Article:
Family retell moment neighbour shot at their house
A terror-stricken family hid as their drunk and furious neighbour took pot shots at their home and car with a high-calibre rifle.
The incident in the tiny Hauraki Plains farming community of Kaihere prompted the scrambling of the Waikato Armed Offenders Squad to the scene, and left the victims of Dwayne Oswald Stubbings potentially permanently traumatised.
Stubbings, 38, was sentenced to nine months of home detention in the Hamilton District Court on Wednesday.
His charges include discharging a firearm - namely a .308 rifle - with reckless disregard for the safety of others, intentional damage resulting in danger to life, and commission of a crime with a firearm.
The April 12 incident was the culmination of a period of bad blood between Stubbings and his neighbours. Both families were both in the employ of a dairy management firm.
The origins of the dispute between them have been suppressed by the court.
At 5.30pm that day a mother and four children aged between 10 and 16 years old were at home in the Torehape Rd house that was to become the target for Stubbings' bullets.
Stubbings was out on the deck of his neighbouring home, and it was from there that he fired three rounds at the victims' house.
One of the rounds passed through an exterior wall of a semi-detached sleepout and lodged itself into the back of a TV set.
Another round hit a Ford Laser parked next to the house, smashing the rear windscreen and rear passenger window.
At this point the household being targeted still had no idea that someone was shooting at them. The father arrived home and he, his wife and the two youngest children hopped into his Ford Explorer with the intention of driving to Ngatea to get dinner.
As they reversed down their driveway, Stubbings fired a further three rounds at them. The penny dropped that their lives were in danger.
They drove the car back to where it was initially parked, turned it off and took cover in the foot wells, from where they called the police.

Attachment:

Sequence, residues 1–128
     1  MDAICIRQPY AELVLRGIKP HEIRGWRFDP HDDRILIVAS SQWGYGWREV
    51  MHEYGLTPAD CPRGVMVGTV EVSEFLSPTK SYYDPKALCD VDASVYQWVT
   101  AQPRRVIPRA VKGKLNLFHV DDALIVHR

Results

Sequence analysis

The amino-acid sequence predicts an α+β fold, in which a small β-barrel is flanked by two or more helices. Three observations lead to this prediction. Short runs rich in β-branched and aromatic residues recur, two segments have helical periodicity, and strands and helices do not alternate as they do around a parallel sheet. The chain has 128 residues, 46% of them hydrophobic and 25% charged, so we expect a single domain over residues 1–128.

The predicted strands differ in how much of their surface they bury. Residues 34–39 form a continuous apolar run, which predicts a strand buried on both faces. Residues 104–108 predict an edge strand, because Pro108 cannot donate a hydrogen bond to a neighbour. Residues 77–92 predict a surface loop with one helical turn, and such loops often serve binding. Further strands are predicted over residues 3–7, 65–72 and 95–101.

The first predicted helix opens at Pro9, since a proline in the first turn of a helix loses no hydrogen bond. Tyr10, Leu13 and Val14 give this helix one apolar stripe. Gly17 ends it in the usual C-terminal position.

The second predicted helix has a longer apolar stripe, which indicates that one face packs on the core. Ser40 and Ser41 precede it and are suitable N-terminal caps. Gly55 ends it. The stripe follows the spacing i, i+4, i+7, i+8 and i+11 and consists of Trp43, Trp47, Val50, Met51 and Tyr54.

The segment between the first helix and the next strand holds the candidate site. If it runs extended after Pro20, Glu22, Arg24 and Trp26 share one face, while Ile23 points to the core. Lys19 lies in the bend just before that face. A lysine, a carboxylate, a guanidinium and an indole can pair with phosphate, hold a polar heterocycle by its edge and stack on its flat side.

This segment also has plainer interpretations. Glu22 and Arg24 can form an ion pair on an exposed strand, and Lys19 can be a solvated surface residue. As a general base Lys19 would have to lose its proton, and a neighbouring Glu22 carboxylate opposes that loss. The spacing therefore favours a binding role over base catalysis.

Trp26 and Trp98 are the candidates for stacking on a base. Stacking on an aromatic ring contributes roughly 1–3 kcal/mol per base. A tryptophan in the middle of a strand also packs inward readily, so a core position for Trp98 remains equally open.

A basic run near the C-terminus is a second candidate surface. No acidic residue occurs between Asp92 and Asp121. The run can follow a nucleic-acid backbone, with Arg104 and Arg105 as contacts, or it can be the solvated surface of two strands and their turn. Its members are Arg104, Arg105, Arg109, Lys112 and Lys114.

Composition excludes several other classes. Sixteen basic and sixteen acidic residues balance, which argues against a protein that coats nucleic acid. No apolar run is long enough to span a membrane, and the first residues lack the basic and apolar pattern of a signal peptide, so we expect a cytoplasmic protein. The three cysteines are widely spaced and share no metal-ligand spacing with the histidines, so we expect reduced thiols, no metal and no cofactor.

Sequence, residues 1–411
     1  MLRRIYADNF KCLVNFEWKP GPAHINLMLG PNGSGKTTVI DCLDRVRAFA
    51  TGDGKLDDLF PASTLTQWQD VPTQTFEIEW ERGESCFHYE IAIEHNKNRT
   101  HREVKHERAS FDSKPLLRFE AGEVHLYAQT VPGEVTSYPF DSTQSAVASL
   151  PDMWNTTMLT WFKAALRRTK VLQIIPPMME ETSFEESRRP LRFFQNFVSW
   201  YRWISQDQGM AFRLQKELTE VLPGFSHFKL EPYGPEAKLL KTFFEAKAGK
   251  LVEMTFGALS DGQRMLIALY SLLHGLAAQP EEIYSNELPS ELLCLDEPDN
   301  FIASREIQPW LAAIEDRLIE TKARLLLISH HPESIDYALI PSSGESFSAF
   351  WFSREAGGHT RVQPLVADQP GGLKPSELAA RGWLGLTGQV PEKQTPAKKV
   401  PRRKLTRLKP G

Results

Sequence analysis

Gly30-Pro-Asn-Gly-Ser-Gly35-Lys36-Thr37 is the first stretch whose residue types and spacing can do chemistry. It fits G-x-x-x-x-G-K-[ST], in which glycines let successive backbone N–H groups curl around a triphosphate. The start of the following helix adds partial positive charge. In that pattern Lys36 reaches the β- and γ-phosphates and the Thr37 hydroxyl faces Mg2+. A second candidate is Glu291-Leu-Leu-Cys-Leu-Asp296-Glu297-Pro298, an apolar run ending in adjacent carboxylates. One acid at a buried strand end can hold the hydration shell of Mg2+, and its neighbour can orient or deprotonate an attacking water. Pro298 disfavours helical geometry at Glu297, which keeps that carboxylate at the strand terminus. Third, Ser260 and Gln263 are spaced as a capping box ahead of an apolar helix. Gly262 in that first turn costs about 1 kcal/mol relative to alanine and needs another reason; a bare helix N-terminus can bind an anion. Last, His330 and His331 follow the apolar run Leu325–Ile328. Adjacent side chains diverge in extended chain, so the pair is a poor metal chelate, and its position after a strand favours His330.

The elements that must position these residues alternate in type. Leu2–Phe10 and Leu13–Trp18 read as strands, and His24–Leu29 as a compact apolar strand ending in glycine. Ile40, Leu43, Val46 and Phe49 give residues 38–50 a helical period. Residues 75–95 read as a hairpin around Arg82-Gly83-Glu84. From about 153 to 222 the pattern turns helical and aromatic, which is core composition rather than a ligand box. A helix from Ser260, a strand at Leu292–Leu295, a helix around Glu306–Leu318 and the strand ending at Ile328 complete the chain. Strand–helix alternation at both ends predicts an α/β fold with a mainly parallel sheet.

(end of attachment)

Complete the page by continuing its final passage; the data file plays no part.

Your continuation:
While they huddled in terror, the father accidentally pushed the brake pedal and the brake lights on the car lit up.
It was at that moment that Stubbings fired another shot at their property.
Not long after the squad arrived and safely shepherded the family out of the car and to safety.
Stubbings fled the scene. He later handed himself in at the Tauranga Police station.
In court on Wednesday, the mother of the family Stubbings shot at told of how they had to relocate and change jobs following the incident.
Her children were still jumpy whenever they heard loud noises and her 11-year-old son could not go to the toilet or shower alone out of fear.
She had been diagnosed with post-traumatic stress disorder.
"I struggle to sleep and to this day when I close my eyes I still hear the screams of my children that night.
"I am truly thankful I still have my children but feel that it is just sheer luck and truly believe Dwayne intended to kill ... and think it was only his drinking that made his aim off."
Stubbings had an explanation for his actions: He had been attempting to sight his rifle when he noticed some birds flying out of a drain.
However, he later told the police he "hated" the family and "I just wanted to scare them".
Stubbings is a registered firearms licence holder with a standard A category licence, and he is recorded as owning a .22 and a .308 rifle.
As the police subsequently discovered, two weeks before the incident he had told his boss that he was having thoughts of aiming his rifle at the family he was in dispute with and firing on them.
Prosecutor Nigel Wollander sought a custodial sentence for Stubbings.
"There needs to be a clear message made by the courts that they will not tolerate retribution or vigilant action in this manner."
Stubbings counsel David Venter said his client was not a violent man. He had admitted his actions had caused emotional harm and he was genuinely remorseful.
Judge Kim Saunders said she hoped Stubbings could imagine what he put his victims through with his actions, which were calculated and pre-meditated and fuelled by alcohol.
"There was a reason that explains your conduct. It does not excuse it."
From a start point of 24 months in jail, she deducted 25 per cent for his guilty plea, and then one month for his expressions of remorse, which brought the equation down to 17 months.
Stubbings had an appropriate address available, so she imposed a home detention sentence of nine months.
She also ordered he pay his victims $980 for the damage he had caused, as well as a further $3000 in emotional harm reparation.